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Resume Workshop. Definition: A description of who you are: your competencies accomplishments future capabilities A marketing tool. Purpose: Applicant’s perspective- Get the attention of a prospective employer Get an interview Reviewer’s perspective: Communicate value

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Presentation Transcript

What is a resume

Definition:

A description of who you are:

your competencies

accomplishments

future capabilities

A marketing tool

Purpose:

Applicant’s perspective-

Get the attention of a prospective employer

Get an interview

Reviewer’s perspective:

Communicate value

Applicant screening

What is a Resume?


Quick question
Quick Question

  • An interviewer will spend, on average, ___________, screening any one individual resume.

    • A. 1 minute

    • B. 3 minutes

    • C. 5 minutes

    • D. none of the above


Do your research

Know yourself…

Experiences

Skills

Strengths

Interests

Future goals

Desired type of job

Know the employer

Mission or Vision

Distinctive services or features

Applicant “fit”

Culture

Target your resume.

Do Your Research!


A GOOD RESUME =

CONTENT

The type of information you choose to

put on your resume.

FORMAT

The way you arrange this information.

APPEARANCE

How this information is presented aesthetically.



Content guidelines
Content: Guidelines

  • Think about the qualities, skills and experiences you want your audience to know about.

  • Relevant experiences can be both paid and unpaid.

  • You can make custom categories and headings to suit your needs.


Contact specifics:

  • One e-mail address

  • A phone number with professional voice-mail

  • Your current address

    Example:

    Amanda Smith

    12234 Main St.

    Hometown, VA 00011

    [email protected]

    (540) 555-8989


Objective Statements – Yes or No?:

  • Writing Objective Statements:

    • Focus on how you would benefit employer or grad school- not how they can help you.

    • Don’t be vague.

    • Be concise and direct.

    • Target your objective to each specific employer.

  • Key ingredients to a successful objective statement:

    • Name the job/position for which you are applying.

    • Note how your skill set is a match.


What s wrong with this picture
What’s wrong with this picture?

Let’s look at the samples.


Educational Background:

JAMES MADISON UNIVERSITY, Harrisonburg, VA

Bachelor of Business Administration, May 2008

Hospitality & Tourism Management Major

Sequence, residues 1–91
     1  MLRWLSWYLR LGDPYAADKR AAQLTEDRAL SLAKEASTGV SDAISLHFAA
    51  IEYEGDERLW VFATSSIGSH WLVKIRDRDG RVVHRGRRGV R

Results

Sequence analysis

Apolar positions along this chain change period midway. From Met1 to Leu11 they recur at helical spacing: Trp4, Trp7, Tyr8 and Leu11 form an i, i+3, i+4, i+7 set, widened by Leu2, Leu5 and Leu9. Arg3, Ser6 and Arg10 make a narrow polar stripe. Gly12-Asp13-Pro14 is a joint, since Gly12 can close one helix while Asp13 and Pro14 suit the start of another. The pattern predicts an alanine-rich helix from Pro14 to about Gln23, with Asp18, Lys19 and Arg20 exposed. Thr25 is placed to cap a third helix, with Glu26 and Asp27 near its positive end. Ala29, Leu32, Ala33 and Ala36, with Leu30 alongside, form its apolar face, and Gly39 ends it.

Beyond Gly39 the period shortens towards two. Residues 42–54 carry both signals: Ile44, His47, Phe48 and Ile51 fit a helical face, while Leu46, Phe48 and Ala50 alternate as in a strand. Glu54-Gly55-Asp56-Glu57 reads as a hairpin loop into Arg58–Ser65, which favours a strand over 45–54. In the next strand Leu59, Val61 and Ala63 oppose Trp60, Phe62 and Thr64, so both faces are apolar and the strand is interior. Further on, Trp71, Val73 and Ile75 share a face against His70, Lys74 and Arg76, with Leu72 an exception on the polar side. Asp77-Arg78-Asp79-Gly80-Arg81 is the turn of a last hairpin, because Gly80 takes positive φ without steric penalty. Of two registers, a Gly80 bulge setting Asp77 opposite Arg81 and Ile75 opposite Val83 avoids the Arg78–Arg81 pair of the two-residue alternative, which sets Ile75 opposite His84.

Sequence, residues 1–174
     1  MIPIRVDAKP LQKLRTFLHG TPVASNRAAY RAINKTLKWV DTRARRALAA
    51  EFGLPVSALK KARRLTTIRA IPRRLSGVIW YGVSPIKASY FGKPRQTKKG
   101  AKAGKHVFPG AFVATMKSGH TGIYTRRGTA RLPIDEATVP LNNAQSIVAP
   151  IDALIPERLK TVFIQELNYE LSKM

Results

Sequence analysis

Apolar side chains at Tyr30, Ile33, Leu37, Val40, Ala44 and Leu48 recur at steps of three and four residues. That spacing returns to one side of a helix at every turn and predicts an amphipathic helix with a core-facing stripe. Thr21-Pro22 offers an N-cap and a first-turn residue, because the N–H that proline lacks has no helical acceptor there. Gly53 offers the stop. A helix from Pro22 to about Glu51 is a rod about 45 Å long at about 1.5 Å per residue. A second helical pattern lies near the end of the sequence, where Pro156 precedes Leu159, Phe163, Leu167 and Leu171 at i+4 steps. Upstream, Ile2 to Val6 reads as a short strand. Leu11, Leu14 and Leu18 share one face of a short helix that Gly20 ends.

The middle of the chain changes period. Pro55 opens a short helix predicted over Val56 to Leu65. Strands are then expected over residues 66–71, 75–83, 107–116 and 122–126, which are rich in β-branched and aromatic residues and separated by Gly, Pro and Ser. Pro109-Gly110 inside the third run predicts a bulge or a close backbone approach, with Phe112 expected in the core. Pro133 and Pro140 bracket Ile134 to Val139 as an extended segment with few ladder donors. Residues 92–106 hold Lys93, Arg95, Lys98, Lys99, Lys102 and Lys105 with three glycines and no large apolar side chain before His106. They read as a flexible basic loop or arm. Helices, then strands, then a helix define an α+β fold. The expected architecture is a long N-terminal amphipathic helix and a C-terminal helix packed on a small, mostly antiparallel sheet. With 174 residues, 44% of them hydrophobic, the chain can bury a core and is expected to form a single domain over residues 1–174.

Overall GPA – 3.1; Major GPA – 3.6

(Usually don’t need to list High School at all.)

  • Relevant Coursework

    • Bulleted list of 6-8 courses OR

    • Description of 2-3 major projects

  • Academic honors, special certifications, endorsements, etc.


Experience:

  • Start with your title, the organization, location, and time frame.

  • Each relevant position should have a list of your accomplishments.

    • Start with a verb in the past tense.

    • Avoid “duties include” or “responsible for”.

    • Quantify, be descriptive, and identify strengths.

    • Example: “Edited a monthly newsletter for the department, streamlining office communication."


Skills:

  • Technical Skills:

    • Computer programs/software/languages.

    • “Familiar” or “proficient”?

  • Foreign Language Skills:

    • “Basic understanding”, “conversant” or “fluent”?

  • Lab/Scientific Skills:

    • Equipment you can use, processes you can perform.


References:

  • “References available upon request” at the bottom?

  • When to provide references

  • What to include for each reference



Chronological format
Chronological Format

  • Organizes information around dates, stating what you did and when.

  • Work history is typically related to the job objective.

  • Jobs/experiences are listed in reverse chronological order.

  • Titles and organizations are emphasized.

  • Accomplishments are highlighted.



Functional format
Functional Format

  • Organizes information around functional headings, highlighting major areas of accomplishments and strength.

  • Allows you to organize content in an order that most supports the objective; not bound by dates.

  • Titles and work history are secondary.

  • Draws on all sources of experience- volunteer, activities, courses, work and signifies each as equally important.



Combination format
Combination Format

  • Combines the best aspects of both the chronological and functional.

  • Emphasizes skills, accomplishments, interests, and work experience relative to the objective.

    When to use the Combination Format?

  • Use when you want to emphasize previous activities and or experience while also highlighting transferable skills.





Appearance

Don’t use a template.

Print on a laser printer.

Be consistent with heading style and margins.

Font: no smaller than 10 point.

Margins: no smaller than 0.5 inches.

Paper choice matters.

Check for spelling and grammatical errors.

Use one font style and size (except for your name).

Fill the page.

Try to stick to 1 page in most cases.

Paragraphs vs. bullets.

Use bullets, not dashes.

Appearance


A few final guidelines do s

Revise your resume often. Have a variety of people give you feedback.

If a position is still in progress, indicate so:

“Fall 2006-present”.

Vary your verbs.

Talk about the big picture, i.e. what impact your action had on the organization.

Proofread beyond spell check.

A Few Final Guidelines… Do’s


A few final guidelines

Don’t include hobbies. feedback.

Don’t use “I”.

Don’t describe duties in paragraph form - use bullets.

A Few Final Guidelines……


COVER LETTERS feedback.


Key elements
Key Elements: feedback.

  • Contact Information

  • Content

    • Purpose of Letter

    • Special Skills

    • Follow-up Intent


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